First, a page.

My head has been spinning trying to keep up with the twists and turns coming out of Washington related to the Juvenile Justice and Delinquency Prevention Act (JJDPA).
A lot of questions have been raised about how the Office of Juvenile Justice and Delinquency Prevention (OJJDP) monitors state compliance with the four core requirements of the JJDPA. My home state, Wisconsin, is one of those that Sen. Charles E. Grassley, R-Iowa, says was not appropriately penalized by OJJDP when it was not in compliance with the core requirements.
On April 21, Grassley led a Senate Judiciary Committee hearing on the subject. I listened to the hearing testimony with great interest, and was both distressed and encouraged by things I heard.
For a number of reasons, I can’t speak to the specific concerns related to Wisconsin (for one thing, I don’t have access to much of the relevant information provided to OJJDP). But what is clear is that there is work to be done at all levels of the system to ensure that the JJDPA and its associated federal funding provides an effective means of helping and guiding states in creating and supporting fair and effective juvenile justice systems.
As we in Wisconsin work to get our house in order, I welcome continued collaboration with OJJDP to get to a fair and appropriate resolution of our state issues.
I believe we will get there, but I want to make sure that we don’t lose sight of the forest for the trees. Yes, accountability is important, and work needs to be done to ensure that funds are being used appropriately.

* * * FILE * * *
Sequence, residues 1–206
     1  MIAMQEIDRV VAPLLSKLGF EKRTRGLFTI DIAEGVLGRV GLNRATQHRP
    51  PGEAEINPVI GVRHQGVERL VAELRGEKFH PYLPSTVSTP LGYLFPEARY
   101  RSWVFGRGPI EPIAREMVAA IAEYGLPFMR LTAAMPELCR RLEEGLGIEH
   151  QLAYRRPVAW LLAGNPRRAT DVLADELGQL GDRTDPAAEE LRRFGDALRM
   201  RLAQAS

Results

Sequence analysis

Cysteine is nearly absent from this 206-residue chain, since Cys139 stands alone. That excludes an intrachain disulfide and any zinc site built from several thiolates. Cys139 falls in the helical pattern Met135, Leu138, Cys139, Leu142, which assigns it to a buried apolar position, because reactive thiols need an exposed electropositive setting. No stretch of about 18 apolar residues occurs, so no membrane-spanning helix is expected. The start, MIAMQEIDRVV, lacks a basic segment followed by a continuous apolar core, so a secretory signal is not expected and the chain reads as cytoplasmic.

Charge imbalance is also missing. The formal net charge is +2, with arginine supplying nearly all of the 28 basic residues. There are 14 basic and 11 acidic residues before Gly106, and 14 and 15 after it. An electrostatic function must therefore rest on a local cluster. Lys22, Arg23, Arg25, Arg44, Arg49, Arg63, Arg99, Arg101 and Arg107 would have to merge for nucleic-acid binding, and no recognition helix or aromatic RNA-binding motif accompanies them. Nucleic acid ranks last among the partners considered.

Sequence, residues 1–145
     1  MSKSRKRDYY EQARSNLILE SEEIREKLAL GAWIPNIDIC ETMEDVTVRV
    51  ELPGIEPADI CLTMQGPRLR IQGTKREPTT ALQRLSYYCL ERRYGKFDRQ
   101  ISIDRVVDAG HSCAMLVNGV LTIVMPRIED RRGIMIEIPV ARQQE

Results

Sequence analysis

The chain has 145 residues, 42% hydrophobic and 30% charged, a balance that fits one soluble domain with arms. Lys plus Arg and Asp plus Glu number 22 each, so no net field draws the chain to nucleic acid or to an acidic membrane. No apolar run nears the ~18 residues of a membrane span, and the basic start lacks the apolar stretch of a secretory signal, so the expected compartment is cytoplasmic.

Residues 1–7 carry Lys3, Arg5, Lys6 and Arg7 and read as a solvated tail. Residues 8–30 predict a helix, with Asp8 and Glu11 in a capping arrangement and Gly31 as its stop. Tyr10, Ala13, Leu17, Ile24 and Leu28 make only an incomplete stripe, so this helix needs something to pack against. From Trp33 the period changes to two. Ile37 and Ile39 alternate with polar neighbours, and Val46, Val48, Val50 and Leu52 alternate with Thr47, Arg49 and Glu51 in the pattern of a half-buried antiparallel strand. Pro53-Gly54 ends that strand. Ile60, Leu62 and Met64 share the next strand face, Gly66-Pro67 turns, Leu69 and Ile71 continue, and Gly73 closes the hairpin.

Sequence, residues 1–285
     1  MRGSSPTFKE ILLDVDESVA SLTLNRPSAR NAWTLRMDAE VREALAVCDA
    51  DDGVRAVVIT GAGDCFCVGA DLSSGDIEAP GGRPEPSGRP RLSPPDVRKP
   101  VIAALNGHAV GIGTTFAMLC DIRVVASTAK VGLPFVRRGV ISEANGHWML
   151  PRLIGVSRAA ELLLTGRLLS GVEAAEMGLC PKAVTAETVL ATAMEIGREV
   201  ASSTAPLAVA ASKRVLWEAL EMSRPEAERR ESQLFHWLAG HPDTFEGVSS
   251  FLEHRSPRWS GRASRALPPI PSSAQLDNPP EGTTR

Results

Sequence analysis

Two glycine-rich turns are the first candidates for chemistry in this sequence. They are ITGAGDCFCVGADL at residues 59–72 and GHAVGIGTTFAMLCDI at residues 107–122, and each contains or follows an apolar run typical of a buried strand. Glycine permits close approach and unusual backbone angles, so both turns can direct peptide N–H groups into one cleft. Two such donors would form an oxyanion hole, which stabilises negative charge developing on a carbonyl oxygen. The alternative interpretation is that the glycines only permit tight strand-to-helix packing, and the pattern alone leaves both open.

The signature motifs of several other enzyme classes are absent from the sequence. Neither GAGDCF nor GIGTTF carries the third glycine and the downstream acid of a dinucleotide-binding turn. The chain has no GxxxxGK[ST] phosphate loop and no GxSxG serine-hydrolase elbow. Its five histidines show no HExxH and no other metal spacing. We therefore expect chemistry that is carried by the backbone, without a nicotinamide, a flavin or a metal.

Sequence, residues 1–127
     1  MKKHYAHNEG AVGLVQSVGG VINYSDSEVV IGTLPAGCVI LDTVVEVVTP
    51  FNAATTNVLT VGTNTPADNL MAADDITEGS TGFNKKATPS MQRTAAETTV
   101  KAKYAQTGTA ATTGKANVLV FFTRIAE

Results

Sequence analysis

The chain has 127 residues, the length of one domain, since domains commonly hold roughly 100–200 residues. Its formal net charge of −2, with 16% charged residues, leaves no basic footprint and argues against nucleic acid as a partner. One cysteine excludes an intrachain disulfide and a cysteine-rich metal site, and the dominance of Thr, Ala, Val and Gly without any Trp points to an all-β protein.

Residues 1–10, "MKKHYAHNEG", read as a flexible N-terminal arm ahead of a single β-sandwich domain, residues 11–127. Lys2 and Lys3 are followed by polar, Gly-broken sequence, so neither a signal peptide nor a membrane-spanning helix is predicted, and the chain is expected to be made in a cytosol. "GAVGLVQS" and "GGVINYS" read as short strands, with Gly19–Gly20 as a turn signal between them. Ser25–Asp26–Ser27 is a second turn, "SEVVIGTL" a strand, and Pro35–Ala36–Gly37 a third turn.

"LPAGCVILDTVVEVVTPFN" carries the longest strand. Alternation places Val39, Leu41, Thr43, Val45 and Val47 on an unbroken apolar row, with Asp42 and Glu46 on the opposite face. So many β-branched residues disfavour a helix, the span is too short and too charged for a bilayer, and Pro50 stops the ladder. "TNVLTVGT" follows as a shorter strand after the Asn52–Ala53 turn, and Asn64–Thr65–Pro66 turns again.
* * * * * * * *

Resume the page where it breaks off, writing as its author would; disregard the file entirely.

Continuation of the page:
But the bigger issue is that the JJDPA needs to be reauthorized by Congress (which last happened in 2002), and reauthorized in a meaningful way.
What does that mean? It means affirming and strengthening a commitment to the important core protections of removing youth from adult confinement; phasing out the exception that allows youth who have not committed crimes to be confined with youth that have; ensuring adequate protections for youth who may come into contact with adults while confined; and developing better strategies to promote (and better metrics to evaluate) state progress in reducing racial disparities.
It means supporting OJJDP’s work with states to improve the compliance monitoring process in a way that will lead to greater transparency and consistency as well as to better outcomes for youth and safer communities. It means building on what we’ve learned about the impact of trauma on youth and its pervasiveness, how to build positive youth development and prevention principles into our work, how to reinvigorate the role OJJDP can play in promoting and supporting reforms, and much more.
And, it means providing sufficient federal resources to support the important OJJDP leadership mission and partnership for state reform — a mission that has not changed despite dramatic reductions in funding in the last decade.
As disconcerting as parts of the April 21 hearing were, there is reason to be encouraged about the future. The bipartisan Senate leadership seems clearly committed to reauthorization (in fact, Sen. Grassley just announced that he and Sen. Whitehouse would reintroduce the bill this week) and OJJDP’s commitment to addressing the concerns and moving forward was unequivocal.
In state after state, including Wisconsin, we have seen dramatic reductions of youth in confinement and arrests. Legislative reforms pushing back some of the more regressive changes made in the mid-1990s are being adopted with greater regularity. Research about what works to prevent youth crime and to effectively respond when it does happen is better than ever.
And, there is an ever-increasing realization that the voice of youth and meaningful engagement of families in the work we do is critical to success.
As with many things, “If it was easy anyone could do it … it’s the hard that makes it great.” Our success going forward will in large part be determined by how well we can work together to build a strong state-federal partnership dedicated to continuing those reforms and others that will lead to a brighter future for youth, families and our communities.